James Ouma · James Ouma writes · Mentoring boys in Kenya · Running for My Life · Shompole Wildlife Marathon · Stories · The gift of blindness

Choosing to Be Alive

Running for My Life Day 12

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Three things happened during my morning run today. First, I started running 10 minutes earlier. Secondly, I ran for 40 minutes after having run the same distance for 1 hour 11 days ago. That is a whole 20 minutes!

Thirdly, I stopped for 5 seconds to watch the brown tailless dog that I usually see during my morning run. Today, it was struggling to get something that was wrapped inside a Nakumatt paper bag. Compared to the group of dogs that scavenge through the dumping site near the Ngong Catholic Church, this dog is royalty. He is muscular, his tail is cut off and he would easily pass for a powerful German shepherd, in a different kind of environment.

Once he managed to tear through the paper bag, discarded diapers and green baby poop spewed out. With his long tongue and strong jaws, the brown dog went to work, licking and eating baby poop. It suddenly occurred to me how low the dog has sunk. From the rank of being a guard dog to licking baby poop simply because it has lost its identity.

Dead Man Walking

I have heard people say that the kind of environment they grow in affects their life. But I would like to differ. The only thing that can be affected by its environment is a tree. But since trees are able to change and adapt in order to make good use of what is available, let me strike that off.

After previously living in Kampala when Uganda was unstable, we went back home, to Luo Nyanza. There were no gun shots ringing in the dark of night, no screams of women being raped in the streets by unruly soldiers and there were no hawkers running and shouting from the sprawling Owino Market. But something worse had happened. My dad died before I turned 13 and because my mom refused to get inherited, we were regarded as outcasts in the whole village.

Suddenly, all the people who used to visit when dad would come from Kampala stopped talking to us. Then something else happened, monkeys raided our farm! I was the only boy in our clan who spent hours guarding our farm from being raided by monkeys. Because of this, I spent lots of hours alone, listening to the radio, reading books and dreaming of becoming a journalist.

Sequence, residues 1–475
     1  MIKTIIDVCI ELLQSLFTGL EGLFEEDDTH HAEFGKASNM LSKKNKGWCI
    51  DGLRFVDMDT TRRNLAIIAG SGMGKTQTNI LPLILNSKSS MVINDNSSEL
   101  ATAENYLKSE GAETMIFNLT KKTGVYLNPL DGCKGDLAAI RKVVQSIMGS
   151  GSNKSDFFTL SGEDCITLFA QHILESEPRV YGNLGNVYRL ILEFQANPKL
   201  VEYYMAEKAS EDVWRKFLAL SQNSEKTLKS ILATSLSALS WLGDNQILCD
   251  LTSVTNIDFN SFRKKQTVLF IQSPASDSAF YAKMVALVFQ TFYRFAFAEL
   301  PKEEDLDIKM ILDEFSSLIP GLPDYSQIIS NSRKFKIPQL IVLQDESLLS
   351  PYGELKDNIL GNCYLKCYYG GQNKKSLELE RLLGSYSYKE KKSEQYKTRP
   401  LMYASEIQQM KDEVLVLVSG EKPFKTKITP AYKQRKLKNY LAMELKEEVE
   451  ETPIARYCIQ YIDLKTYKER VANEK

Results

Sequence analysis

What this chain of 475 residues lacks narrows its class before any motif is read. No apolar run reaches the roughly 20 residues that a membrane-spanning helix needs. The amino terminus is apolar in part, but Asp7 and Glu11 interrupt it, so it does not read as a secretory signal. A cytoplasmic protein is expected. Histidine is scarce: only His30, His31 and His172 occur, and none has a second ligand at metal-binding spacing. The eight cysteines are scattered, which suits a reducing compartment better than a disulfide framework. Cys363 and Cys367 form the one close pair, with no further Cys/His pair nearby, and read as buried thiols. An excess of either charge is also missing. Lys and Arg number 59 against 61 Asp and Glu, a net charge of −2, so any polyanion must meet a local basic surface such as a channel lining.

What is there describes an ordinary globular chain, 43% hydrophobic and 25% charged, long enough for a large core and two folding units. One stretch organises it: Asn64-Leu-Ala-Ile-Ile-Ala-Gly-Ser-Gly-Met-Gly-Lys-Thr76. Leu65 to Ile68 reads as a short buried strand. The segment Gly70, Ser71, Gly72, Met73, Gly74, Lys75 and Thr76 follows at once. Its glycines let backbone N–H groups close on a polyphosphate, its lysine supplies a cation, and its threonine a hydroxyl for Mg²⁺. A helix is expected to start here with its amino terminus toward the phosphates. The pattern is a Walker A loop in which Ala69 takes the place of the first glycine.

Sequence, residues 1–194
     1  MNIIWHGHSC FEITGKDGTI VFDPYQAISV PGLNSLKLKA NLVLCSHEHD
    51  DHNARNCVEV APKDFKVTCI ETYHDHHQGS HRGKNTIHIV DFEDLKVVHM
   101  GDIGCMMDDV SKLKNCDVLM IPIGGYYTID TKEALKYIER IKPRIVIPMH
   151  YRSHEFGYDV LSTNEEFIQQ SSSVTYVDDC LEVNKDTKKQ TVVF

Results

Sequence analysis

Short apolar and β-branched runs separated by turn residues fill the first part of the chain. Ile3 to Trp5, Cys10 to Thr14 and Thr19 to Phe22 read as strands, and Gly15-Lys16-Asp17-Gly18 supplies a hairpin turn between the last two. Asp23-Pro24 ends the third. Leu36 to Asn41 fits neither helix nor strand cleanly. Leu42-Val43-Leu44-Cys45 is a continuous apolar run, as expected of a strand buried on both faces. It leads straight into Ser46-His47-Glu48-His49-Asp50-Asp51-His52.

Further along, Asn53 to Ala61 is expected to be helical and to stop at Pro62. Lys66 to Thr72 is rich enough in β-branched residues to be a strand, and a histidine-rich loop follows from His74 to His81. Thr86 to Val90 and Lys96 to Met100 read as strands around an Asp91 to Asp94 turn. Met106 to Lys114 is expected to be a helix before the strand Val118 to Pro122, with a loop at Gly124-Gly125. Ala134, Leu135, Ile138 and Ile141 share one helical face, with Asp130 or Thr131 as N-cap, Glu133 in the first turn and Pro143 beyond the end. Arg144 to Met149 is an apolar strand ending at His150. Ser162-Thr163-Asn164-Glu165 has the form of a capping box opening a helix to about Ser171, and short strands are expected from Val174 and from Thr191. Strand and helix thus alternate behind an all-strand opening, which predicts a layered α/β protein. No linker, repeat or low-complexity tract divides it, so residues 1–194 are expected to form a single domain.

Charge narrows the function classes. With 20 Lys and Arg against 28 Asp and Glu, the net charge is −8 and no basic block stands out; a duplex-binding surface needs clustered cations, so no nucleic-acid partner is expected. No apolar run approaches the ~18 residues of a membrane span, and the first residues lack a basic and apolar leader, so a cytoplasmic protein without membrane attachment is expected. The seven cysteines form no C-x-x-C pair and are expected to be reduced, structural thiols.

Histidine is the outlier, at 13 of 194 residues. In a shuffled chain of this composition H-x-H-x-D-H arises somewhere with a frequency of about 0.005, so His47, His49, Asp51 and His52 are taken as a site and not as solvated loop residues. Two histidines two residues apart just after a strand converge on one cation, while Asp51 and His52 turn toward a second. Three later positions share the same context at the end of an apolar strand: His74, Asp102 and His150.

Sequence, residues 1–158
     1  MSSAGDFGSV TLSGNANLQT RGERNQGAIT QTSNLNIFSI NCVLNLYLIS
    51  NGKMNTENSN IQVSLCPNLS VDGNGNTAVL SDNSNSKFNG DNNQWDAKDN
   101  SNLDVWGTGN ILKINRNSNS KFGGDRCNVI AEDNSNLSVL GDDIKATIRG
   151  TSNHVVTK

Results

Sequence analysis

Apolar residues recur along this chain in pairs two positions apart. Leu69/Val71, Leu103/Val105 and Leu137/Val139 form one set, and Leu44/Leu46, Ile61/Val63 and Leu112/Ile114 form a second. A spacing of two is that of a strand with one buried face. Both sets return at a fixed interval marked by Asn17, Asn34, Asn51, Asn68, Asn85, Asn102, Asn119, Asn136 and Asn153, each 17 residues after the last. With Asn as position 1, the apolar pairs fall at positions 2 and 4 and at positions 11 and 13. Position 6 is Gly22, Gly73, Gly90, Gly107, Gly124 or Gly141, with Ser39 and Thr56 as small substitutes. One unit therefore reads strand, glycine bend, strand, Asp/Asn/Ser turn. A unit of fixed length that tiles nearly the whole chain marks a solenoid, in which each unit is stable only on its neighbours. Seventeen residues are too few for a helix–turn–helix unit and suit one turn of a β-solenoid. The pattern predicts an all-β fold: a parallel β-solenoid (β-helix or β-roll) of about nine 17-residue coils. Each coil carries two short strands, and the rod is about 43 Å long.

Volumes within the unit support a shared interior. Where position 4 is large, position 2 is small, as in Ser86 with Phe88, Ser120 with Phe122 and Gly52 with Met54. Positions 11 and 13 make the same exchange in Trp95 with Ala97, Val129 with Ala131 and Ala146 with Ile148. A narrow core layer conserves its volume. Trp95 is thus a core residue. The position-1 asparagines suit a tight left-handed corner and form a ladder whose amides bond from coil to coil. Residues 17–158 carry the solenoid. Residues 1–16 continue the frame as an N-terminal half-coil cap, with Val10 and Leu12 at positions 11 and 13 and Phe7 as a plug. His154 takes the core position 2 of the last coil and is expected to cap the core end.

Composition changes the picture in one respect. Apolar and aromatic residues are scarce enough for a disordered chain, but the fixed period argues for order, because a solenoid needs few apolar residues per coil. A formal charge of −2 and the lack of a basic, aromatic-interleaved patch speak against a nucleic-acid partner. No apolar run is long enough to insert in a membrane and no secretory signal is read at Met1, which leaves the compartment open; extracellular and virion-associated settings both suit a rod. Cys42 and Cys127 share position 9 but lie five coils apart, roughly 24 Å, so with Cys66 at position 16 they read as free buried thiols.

That same year, I joined Korwenje Primary School, aptly referred to as Kajomoko due to the jiggers that were known to have chased people from inhabiting the area in the past. On top of this, I was a hopeless stammerer.

I was once sent to Kambare Market to buy Asepso Soap. And because it had not occurred to me to write down the name on a piece of paper, I ended up writing it on my thigh. By the time I reached the shop, I discovered I had washed the writing off at Aora Kodawa. Long story short, I ended up buying Protex Soap and got a thorough beating as a reward.

I struggled through high school and dropped out of college in two attempts. Then I came to Nairobi and got a job as a TV producer a few years later. I still remember what Monica Waceke, the TPM, asked me during my job interview.

“What gives you the courage to apply for this job when you know you are not qualified?” she asked.

“I believe that life is a song,” I replied, all of a sudden, images of my childhood and the dreams I had for my future flashed by in my mind. “When a person wakes up in the morning, their life becomes a song they can sing and dance to when they don’t allow what they failed to do the day before to stop them from pursuing their dreams in life.

“I grew up wanting to be a journalist and this is my chance to become one,” I added. “Even if I had the papers to prove I am qualified, my papers won’t go to work if I fail to report for duty.”

“Okay, this is very interesting,” she said. “Here is what I would like you to do,” she continued giving me my first assignment…. (to be continued tomorrow)

charles swindol

 

“Attitude is more important than the past, than education, than money, than circumstances, than what people do or say. It is more important than appearance, giftedness, or skill.”

Charles R. Swindoll

 

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